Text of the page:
Dr. Tom Inglesby, the director of the Bloomberg School’s Center for Health Security, speaks during a briefing Covid-19 developments on Capitol Hill in Washington, on March 6.

1,000 corano deaths a day in the US are not “normal”, says infectious disease specialist

Dr. Tom Inglesby, director of the Bloomberg School Health Center, spoke during a briefing on Covid-19 developments at the Capitol Hill in Washington, D.C., on March 6. Samuel Corum / Getty Images

The paranoid pandemic kills an average of 1,000 Americans a day and 4,000 worldwide, and that should not be the new norm, said Dr. Tom Inglesby, director of the Bloomberg School Health Center.

“We can do better than that,” Inglesby said. “I am concerned that people have accepted that we are young and not normal.”

Some states have hundreds or even thousands of new Covid-19 cases each day, and Inglesby noted that countries such as New Zealand and Thailand have reduced their cases to zero.

“Did we give up losing 1,000 Americans a day until we had a vaccine?” asked. “I hope we are not.”

Worldwide: The tactics used by New Zealand, Thailand and other countries to reduce the coronation case are the same common practices supported by public health officials in the United States for months: border controls, extensive testing, rapid isolation, scrutiny, detection, burnout hygiene, intensive physical distance, closure of schools and workplaces and a coordinated public health strategy, Inglesby said.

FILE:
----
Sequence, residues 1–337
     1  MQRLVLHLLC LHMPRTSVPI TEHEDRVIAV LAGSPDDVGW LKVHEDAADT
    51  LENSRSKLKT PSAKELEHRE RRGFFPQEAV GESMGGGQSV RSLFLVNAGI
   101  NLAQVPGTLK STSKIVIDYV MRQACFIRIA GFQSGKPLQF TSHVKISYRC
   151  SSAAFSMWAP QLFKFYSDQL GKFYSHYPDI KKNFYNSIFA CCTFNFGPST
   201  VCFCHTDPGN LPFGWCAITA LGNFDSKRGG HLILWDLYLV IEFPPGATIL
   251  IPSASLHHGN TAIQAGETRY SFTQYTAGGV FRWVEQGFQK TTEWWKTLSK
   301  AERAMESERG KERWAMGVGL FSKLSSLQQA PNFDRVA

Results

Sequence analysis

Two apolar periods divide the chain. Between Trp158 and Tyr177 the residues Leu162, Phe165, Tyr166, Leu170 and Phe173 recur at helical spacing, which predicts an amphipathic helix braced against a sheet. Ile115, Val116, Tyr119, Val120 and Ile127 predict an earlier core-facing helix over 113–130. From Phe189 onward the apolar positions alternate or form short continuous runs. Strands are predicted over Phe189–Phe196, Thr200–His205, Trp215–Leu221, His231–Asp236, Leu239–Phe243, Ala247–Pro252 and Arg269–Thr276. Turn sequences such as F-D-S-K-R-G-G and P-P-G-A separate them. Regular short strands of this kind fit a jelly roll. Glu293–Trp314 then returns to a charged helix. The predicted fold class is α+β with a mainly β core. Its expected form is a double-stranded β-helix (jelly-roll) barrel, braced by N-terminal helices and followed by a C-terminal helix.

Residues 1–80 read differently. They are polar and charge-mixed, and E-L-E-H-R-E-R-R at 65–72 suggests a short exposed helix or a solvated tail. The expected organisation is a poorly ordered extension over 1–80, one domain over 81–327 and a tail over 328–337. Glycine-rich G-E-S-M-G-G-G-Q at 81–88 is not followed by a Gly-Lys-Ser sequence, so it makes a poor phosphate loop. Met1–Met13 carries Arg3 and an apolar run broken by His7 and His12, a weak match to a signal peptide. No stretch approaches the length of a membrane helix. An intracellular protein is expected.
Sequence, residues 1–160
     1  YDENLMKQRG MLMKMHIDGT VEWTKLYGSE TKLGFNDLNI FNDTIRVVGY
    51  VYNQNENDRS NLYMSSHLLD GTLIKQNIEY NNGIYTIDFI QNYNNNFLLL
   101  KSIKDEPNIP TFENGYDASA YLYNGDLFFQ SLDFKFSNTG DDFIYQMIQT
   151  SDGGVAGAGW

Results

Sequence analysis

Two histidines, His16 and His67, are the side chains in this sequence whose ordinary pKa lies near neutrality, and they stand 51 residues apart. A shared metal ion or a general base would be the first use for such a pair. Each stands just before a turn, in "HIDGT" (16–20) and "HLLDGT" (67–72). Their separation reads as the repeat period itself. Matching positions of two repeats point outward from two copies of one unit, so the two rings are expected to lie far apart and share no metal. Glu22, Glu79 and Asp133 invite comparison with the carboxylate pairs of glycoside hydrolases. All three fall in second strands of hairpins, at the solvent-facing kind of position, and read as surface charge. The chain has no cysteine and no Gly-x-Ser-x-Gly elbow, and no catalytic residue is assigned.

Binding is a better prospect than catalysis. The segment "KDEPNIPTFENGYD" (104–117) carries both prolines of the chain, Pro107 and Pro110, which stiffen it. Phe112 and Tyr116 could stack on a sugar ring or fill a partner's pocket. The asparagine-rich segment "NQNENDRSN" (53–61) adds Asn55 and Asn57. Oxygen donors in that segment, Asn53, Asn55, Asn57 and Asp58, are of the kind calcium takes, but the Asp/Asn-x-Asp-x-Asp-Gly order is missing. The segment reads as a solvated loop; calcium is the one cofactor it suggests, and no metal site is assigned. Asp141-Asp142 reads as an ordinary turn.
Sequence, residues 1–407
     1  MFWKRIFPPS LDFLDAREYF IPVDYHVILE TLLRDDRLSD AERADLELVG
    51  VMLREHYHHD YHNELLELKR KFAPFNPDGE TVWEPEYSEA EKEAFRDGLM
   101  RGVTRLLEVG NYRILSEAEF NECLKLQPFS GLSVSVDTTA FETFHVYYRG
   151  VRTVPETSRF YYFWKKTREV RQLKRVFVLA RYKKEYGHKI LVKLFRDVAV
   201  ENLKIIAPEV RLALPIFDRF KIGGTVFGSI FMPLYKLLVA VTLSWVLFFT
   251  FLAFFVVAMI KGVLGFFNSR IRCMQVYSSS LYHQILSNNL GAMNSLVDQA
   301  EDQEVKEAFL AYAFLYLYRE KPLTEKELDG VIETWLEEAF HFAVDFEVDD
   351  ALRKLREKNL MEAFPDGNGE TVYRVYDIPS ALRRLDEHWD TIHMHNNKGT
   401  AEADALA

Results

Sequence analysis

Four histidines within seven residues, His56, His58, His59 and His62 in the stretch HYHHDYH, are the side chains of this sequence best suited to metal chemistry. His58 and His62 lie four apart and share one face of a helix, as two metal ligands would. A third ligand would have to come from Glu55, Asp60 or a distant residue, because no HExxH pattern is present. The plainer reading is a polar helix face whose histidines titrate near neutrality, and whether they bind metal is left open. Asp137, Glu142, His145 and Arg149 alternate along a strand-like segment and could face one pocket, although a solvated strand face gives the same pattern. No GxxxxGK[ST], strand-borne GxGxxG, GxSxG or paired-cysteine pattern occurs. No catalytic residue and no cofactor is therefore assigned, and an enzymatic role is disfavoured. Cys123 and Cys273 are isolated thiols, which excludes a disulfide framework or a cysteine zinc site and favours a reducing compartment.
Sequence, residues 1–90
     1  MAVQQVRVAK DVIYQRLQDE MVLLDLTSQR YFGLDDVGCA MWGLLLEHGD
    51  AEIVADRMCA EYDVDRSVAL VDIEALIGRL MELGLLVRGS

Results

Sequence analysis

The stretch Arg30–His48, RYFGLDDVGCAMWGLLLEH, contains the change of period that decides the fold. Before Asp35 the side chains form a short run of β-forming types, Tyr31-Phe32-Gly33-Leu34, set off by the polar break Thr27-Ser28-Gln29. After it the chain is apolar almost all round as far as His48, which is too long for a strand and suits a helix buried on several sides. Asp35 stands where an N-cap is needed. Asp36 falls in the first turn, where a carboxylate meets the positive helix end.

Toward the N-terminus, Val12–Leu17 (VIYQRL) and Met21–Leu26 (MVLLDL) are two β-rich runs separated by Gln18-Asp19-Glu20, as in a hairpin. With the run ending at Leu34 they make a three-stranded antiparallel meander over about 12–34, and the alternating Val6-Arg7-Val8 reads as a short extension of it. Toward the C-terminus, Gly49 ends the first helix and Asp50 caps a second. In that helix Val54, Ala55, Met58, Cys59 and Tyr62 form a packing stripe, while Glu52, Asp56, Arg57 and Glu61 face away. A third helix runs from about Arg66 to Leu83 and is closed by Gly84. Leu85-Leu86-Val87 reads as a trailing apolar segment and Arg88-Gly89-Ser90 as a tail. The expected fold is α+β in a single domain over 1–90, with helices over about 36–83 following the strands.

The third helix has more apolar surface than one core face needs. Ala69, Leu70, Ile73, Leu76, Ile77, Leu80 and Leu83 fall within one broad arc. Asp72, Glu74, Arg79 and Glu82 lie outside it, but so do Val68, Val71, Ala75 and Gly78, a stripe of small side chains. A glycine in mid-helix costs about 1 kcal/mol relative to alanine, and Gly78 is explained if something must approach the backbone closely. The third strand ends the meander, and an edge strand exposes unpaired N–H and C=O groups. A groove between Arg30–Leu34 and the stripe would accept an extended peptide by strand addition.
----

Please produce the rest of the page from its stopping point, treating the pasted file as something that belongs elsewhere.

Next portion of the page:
“We can and should do these things in the United States,” Inglesby added.

A study this week from the University of California, Berkeley found that house-to-house orders alone have prevented more than 62 million coronavirus infections in the United States so far and 530 million in the other six countries studied.

“Social distance projects,” he said, noting that in some parts of the country people are frustrated, are moving “too fast to open up the economy with the risk of accelerating the spread of the disease.”

He also warned that he considered internal gatherings one of the continuing dangers of catching and spreading the virus.

“I think the things that are most at risk are longer times at home with others who don’t belong to your family and you breathe in the air they exhale. If you are close by, it will create a higher risk, “he said.

Moving forward during the pandemic: Inglesby also expressed concern about the opening of schools. There is no information on whether children spread the disease at school. They obviously do not have the same level of serious illness as adults, he said.

“The concern is that we don’t know if school children will speed up the spread within these institutions and then spread the disease to both teachers and administrators who are older or to family, parents, grandparents at home.” , he said .

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